In The Name Of God (7.5/10)
The longest track on the album at 14 minutes in length. I think it's a few minutes too long. It does its job as a pretty good closer to the album though. Thought provoking lyrics.

Total: 61.5/70 = 87.9%

The last three tracks don't hold up with the first four. But those four are worth the albums price on their own anyways. Definatly their heaviest album and if you're into that kind of music this ones perfect.
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Format: Audio CD
This was the first album from Dream Theater that I bought. I had heard that John Petrucci was an amazing guitarist who never fails to include a lengthy and incredible solo. You see I had just bought Contraband by Velvet Revolver, and while it was a very good album, Slash (who when he is given something to work with is just as good as Petrucci) only has two good solos. Train of Thought was kind of misleading because the sound featured on here is nothing like their big albums "Images & Words" and "Metropolis Pt. 2." This album is has a dark, heavy sound and Petrucci's rhythym guitar work sounds similar to Korn, Limp Bizkit, and System of a Down, but unlike those bands, this music is never noise but is impressive throughout.
1. As I Am 10/10- The radio single from the CD never received any airtime. A quiet intro gets louder and goes into LaBrie's pounding lyrics. "From the doubtful I demand, TAKE ME AS I AM!" is the highlight of this song, but has good performances by the entire band.
2. This Dying Soul 9/10- Over 11:00 long, never gets boring. Has a long band jam that features many solos by both Rudess and Petrucci. The only problem is that the song sounds more like two or three songs because there are no smooth transitions between solos.
3. Endless Sacrifice 10/10- Another song over 11:00 long, but has another lengthy instrumental section with a great playing by Petrucci and Portnoy, but Rudess shows how amazing he is with his keyboard work.
4. Honor Thy Father 6/10- Has a sound like Korn or Limp Bizkit with rap-like lyrics and guitar solos that are more noise than pleasure. Portnoy and Myung help this song and make it somewhat worthwhile.
5.
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Format: Audio CD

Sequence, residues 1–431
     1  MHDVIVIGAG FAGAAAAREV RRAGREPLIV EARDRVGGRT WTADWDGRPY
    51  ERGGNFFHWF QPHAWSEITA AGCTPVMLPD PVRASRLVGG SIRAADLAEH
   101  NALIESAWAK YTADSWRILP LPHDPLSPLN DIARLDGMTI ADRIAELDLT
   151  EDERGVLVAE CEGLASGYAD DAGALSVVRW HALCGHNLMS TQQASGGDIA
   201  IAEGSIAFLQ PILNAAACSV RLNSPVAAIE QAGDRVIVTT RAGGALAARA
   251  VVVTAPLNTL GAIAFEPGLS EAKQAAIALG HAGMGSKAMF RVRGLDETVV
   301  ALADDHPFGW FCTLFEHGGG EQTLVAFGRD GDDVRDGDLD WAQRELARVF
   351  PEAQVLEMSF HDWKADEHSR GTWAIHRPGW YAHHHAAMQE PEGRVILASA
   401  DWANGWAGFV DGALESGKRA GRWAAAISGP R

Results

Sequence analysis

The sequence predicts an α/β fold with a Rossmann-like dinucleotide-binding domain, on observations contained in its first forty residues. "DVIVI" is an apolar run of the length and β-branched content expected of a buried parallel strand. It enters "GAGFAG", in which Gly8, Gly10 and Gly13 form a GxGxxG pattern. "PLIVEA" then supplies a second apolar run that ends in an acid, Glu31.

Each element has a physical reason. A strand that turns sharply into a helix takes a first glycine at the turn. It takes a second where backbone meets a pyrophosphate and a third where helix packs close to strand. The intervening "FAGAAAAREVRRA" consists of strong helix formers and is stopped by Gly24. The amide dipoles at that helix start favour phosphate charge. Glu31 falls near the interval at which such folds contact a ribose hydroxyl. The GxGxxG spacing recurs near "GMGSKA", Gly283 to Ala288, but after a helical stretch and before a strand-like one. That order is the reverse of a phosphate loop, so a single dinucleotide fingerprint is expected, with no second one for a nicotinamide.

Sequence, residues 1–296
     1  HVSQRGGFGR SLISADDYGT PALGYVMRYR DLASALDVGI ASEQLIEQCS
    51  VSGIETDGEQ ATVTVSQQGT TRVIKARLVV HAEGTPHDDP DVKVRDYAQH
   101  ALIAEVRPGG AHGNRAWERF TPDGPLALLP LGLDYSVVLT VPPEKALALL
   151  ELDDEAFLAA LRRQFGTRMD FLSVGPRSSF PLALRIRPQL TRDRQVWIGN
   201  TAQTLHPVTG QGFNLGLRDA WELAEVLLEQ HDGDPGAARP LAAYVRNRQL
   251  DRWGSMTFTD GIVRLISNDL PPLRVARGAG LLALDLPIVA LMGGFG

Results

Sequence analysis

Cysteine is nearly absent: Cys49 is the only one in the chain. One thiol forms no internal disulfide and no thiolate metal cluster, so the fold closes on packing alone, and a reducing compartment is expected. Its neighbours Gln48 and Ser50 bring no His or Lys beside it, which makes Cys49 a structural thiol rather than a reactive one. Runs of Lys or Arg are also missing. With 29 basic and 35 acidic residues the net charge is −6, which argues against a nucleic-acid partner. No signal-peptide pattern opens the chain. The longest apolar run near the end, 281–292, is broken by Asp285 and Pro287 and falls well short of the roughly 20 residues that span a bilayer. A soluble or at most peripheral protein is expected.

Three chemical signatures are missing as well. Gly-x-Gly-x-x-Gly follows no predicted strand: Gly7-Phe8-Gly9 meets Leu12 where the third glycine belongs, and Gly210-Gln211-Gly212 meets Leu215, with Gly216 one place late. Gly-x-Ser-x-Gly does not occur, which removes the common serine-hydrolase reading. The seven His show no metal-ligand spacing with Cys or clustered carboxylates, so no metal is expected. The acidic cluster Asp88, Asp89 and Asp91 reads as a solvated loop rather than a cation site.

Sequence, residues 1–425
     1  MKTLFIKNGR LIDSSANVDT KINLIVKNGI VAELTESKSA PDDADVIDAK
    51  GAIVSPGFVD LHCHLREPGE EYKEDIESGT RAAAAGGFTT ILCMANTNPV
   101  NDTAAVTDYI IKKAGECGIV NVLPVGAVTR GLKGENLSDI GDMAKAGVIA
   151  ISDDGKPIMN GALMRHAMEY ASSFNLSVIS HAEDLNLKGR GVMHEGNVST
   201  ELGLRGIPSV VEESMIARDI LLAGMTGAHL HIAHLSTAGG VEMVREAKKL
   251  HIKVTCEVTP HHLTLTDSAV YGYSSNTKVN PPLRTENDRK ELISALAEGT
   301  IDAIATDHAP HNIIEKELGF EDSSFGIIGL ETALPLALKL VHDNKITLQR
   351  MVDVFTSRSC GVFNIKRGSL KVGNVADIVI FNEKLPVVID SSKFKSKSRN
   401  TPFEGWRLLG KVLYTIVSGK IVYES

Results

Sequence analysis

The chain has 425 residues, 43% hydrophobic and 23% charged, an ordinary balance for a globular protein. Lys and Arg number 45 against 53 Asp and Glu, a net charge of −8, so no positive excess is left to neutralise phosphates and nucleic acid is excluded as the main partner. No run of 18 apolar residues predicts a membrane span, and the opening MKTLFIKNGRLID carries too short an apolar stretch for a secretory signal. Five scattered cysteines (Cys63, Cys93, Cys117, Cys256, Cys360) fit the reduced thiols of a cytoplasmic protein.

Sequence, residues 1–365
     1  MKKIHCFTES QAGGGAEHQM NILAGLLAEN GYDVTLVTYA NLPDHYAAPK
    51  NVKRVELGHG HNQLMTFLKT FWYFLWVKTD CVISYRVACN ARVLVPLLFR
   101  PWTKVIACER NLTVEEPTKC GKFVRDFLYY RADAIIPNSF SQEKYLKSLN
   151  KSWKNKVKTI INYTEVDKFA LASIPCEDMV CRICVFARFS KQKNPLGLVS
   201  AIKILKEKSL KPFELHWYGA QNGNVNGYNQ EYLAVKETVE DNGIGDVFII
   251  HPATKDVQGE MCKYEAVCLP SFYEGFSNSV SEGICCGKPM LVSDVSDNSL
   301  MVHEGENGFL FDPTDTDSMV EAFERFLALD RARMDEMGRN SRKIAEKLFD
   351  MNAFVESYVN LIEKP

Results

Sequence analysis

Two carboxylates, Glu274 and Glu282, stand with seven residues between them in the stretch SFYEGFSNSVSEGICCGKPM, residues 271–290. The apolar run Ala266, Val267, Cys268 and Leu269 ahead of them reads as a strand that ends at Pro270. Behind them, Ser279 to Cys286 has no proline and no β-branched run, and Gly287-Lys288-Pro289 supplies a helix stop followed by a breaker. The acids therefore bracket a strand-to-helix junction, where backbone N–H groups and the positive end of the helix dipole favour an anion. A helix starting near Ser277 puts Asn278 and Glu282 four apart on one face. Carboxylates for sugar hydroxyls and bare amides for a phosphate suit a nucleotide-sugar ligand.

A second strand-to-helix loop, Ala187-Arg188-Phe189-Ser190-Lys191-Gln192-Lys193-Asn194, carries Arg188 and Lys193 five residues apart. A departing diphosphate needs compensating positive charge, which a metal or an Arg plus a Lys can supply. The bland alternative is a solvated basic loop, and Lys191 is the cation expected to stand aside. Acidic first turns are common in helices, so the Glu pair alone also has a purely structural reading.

OK, folks... As a new DT fan, I don't have the history of following the band through all of their ups and downs, micro-analyzing every note, kick-drum and power chord. In fact, I just, in the past 2 weeks have become keenly aware of DT and I really like what I hear! However, these are musicians, not gods. And, as musicans, it's their job to tell it like it is for us, their audience. On ToT, DT does that, in spades. I own IAW and SFAM and now ToT, and very MUCH like the musical maturity that DT is displaying here. Let's be honest... IAW, while a very laudable first "major" release, was basically Queensryche and Slaughter done VERY well! It rocked! SFAM was absolutely BRILLIANT!! Prog metal at it's finest! Now, ToT explores a leaner, meaner sound. I, too, wondered where the keys went to, but, they're there, adding just the right touch to temper the buzz-saw of the guitars. Drums... well, I think are a tad over-played, but not to distraction. Bass, John keeps the low end just right, holding it all together. Now, that's the music. Here's the message: pain, loss, grief, disappointment, addiction. Anybody get that, but me? This is a very angry and hurt album. Typical prog doesn't work with this message. I think that the "uber-heaviness" is appropriate for dealing with these topics. Look below the surface, folks. This isn't a nice tidy concept album. This is, as I agree that one reviewer posted, what Metallica's "St. Anger" should have been but WAY wasn't. I'm not going to nit-pick the songs. It's been done here.But, suffice it to say, that DT has grown up, are now facing their own demons and letting us in on the process. That's what we pay them for. If you want to hear IAW or SFAM, get out those discs and play them. But, this is a terrific album.